This extreme premise can actually be realistic, as it is a common sight in real life under different circumstances. Carax chose to explore what an abusive relationship is like through two non-relatable characters who gradually become familiar. From the moment they laid eyes on each other, their relationship was doomed as it was formed under extremely difficult circumstances.

Although they bring down on each other every insecurity and fear they have inside, they slowly realize how much they’ve failed in life. Time doesn’t go back and they cannot make up for their wasted lives – they only have each other.

The film is equally poetic and gut-wrenching as the contradiction of imagery becomes intense. Images of extreme poverty and destitution along with abuse, regret and sadness on the one hand, and beautifully filmed shots of Paris, fireworks lighting up the night sky along with a glimpse of happiness and hope on the other, create a must-see film. Carax may not be the most recognized director around, but he is surely one of the greatest.


14. In Your Eyes (2014)

A doomed love story doesn’t always have to be heavy-themed or extremely sad. This is an example of a light-hearted movie that blends fantasy and reality, melodrama and comedy, humor and bittersweet feelings in equal measure.

It is directed by Brin Hill, who adapted a scenario Joss Whedon wrote many years ago, and it follows two strangers, Dylan and Becky, living in different states who share a strange telepathic bond. Basically, they both feel the same things, physically and psychologically. Through constant communication, they start caring for each other, eventually falling in love, straying from their routine and growing distant from their social circles.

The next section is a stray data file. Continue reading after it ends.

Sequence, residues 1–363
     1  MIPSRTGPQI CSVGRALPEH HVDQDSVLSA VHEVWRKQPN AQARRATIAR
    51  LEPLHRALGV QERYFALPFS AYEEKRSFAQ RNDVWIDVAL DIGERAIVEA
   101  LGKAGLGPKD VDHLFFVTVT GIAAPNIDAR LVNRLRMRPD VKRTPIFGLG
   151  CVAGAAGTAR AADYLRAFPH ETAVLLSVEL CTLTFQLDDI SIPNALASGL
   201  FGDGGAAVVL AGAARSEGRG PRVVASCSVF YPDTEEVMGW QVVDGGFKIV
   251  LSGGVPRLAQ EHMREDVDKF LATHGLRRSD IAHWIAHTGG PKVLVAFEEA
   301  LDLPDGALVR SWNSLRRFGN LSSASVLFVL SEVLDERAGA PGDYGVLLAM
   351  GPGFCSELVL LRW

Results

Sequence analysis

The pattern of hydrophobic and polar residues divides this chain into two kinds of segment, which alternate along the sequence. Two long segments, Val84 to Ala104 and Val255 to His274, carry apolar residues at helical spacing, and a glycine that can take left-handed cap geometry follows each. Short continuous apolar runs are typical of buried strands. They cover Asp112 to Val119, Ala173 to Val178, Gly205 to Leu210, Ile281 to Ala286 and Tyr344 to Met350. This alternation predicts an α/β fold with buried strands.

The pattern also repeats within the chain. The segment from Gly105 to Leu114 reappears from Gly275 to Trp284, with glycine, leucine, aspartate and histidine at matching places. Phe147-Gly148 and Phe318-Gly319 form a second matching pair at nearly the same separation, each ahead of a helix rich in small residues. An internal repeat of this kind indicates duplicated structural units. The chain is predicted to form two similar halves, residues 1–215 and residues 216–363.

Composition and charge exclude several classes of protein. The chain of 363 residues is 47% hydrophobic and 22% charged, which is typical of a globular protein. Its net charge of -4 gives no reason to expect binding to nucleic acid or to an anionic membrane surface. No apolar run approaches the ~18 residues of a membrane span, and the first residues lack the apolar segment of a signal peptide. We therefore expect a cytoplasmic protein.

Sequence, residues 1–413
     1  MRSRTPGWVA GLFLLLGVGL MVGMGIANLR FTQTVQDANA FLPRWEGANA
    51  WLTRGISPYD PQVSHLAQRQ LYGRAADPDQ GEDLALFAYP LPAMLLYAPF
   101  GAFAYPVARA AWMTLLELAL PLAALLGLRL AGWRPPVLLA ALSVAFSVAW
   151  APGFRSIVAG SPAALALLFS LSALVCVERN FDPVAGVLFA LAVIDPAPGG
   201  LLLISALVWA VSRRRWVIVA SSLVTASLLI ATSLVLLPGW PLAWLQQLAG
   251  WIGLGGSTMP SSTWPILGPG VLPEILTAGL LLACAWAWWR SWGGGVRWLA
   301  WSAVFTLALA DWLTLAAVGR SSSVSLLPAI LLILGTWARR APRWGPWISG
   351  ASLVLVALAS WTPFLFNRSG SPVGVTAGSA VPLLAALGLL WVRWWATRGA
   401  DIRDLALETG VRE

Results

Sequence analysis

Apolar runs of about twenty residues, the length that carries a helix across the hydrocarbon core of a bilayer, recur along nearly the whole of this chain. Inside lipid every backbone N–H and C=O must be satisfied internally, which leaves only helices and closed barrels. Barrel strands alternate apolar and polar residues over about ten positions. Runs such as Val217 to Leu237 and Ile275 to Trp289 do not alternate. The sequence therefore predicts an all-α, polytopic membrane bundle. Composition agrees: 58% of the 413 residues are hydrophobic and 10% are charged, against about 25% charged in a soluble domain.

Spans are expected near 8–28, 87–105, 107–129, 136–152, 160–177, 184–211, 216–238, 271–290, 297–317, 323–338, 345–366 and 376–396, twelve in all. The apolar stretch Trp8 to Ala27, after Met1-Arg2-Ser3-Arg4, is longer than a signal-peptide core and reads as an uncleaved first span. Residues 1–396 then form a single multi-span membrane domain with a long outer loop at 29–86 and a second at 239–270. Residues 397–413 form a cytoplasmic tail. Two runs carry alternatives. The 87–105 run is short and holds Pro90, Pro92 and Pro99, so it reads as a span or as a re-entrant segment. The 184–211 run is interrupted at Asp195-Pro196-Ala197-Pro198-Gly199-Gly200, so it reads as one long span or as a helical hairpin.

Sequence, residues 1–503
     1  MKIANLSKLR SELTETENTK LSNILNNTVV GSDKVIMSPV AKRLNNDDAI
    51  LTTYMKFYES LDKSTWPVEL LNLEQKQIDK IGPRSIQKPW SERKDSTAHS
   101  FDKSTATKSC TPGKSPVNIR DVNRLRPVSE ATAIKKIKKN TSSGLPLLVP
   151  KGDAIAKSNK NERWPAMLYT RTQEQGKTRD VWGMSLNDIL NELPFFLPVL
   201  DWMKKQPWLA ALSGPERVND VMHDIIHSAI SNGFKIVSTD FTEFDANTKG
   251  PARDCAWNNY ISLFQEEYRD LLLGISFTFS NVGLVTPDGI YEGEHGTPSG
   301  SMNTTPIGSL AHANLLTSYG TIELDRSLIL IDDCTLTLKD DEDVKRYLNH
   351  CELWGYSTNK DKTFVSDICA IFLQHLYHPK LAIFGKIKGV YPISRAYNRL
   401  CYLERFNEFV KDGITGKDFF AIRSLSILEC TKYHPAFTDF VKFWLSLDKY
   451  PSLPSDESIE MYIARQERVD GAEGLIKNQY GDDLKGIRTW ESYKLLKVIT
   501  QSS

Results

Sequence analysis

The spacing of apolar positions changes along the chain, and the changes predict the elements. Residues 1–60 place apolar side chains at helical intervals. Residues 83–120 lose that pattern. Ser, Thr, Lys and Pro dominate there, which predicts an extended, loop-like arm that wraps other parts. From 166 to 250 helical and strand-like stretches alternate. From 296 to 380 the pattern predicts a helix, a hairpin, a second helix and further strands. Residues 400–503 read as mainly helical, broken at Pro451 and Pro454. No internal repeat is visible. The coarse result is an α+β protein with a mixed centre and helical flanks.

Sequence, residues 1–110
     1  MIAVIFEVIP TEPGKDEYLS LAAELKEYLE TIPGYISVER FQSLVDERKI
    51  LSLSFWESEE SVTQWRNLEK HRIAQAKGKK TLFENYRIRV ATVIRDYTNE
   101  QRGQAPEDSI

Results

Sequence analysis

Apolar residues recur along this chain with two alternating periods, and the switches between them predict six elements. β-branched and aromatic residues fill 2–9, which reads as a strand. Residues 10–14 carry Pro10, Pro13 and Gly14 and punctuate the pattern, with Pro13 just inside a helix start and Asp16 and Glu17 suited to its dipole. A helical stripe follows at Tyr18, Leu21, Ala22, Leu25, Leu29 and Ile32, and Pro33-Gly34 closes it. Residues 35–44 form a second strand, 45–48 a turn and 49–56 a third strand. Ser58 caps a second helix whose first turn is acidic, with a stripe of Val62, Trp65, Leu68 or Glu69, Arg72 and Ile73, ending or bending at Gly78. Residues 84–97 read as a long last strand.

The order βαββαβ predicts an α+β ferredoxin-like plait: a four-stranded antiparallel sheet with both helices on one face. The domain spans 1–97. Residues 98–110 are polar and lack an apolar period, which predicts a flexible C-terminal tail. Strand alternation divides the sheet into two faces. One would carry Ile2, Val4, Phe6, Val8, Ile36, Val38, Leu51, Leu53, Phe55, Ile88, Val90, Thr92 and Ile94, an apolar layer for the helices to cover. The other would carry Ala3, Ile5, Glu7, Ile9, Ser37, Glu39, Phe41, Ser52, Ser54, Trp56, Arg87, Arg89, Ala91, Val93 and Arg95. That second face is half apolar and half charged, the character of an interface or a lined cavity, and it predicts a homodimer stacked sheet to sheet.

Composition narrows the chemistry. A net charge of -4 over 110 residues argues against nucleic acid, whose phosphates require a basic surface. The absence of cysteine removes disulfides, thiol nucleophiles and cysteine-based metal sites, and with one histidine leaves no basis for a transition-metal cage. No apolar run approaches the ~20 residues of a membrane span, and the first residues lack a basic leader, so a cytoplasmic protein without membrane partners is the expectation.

The plot doesn’t necessarily qualify as a doomed romance at first. Although they have different backgrounds and social statuses, they share a strong bond that is constantly fed by their desire to meet each other face to face. What solidifies its place on the list is its ending which at first seems like a typical happy one. As the film comes to a close, however, the viewer realizes this relationship is getting nowhere.

What is left to the imagination is the upcoming separation when they get caught. The ending hides another interpretation that serves as a reminder that in real life, soul mates usually never meet, let alone end up together. An unexpected plot progression that ends on a somber note, hidden behind a happy ending.

The movie is by no means perfect. It is cheesy and uses a lot of clichés without bring anything new to the table. However, while it is not groundbreaking, it most certainly stands out from a million other rom-coms for its memorable plot, likable characters and heartwarming performances, proving that a condemned romance can be found in a mainstream movie as well, outside the arthouse scene.


13. Harold and Maude (1971)


Hal Ashby is a very underrated director of American cinema and his work is unfortunately trivialized by Hollywood and its “standards.” The main reason his work is often underestimated, is the unconventionality and unique sense of humor that is ever present in his movies. Such is the case with Harold and Maude, with its true value being appreciated years after its release (although it won two Golden Globes).